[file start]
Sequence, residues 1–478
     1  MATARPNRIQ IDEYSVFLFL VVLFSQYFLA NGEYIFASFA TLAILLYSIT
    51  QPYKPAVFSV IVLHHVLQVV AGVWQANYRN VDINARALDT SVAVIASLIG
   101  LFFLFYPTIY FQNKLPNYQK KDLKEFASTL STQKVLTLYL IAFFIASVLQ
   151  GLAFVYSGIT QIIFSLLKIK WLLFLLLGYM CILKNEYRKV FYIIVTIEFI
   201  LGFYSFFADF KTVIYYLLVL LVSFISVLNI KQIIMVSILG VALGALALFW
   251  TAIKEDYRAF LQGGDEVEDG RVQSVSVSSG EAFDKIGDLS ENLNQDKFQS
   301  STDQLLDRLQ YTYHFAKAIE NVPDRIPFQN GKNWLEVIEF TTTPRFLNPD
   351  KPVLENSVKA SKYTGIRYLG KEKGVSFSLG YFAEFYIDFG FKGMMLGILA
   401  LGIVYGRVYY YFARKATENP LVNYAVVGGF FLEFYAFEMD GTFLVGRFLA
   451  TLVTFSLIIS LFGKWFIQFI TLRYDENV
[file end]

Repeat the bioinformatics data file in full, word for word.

Sequence, residues 1–478
     1  MATARPNRIQ IDEYSVFLFL VVLFSQYFLA NGEYIFASFA TLAILLYSIT
    51  QPYKPAVFSV IVLHHVLQVV AGVWQANYRN VDINARALDT SVAVIASLIG
   101  LFFLFYPTIY FQNKLPNYQK KDLKEFASTL STQKVLTLYL IAFFIASVLQ
   151  GLAFVYSGIT QIIFSLLKIK WLLFLLLGYM CILKNEYRKV FYIIVTIEFI
   201  LGFYSFFADF KTVIYYLLVL LVSFISVLNI KQIIMVSILG VALGALALFW
   251  TAIKEDYRAF LQGGDEVEDG RVQSVSVSSG EAFDKIGDLS ENLNQDKFQS
   301  STDQLLDRLQ YTYHFAKAIE NVPDRIPFQN GKNWLEVIEF TTTPRFLNPD
   351  KPVLENSVKA SKYTGIRYLG KEKGVSFSLG YFAEFYIDFG FKGMMLGILA
   401  LGIVYGRVYY YFARKATENP LVNYAVVGGF FLEFYAFEMD GTFLVGRFLA
   451  TLVTFSLIIS LFGKWFIQFI TLRYDENV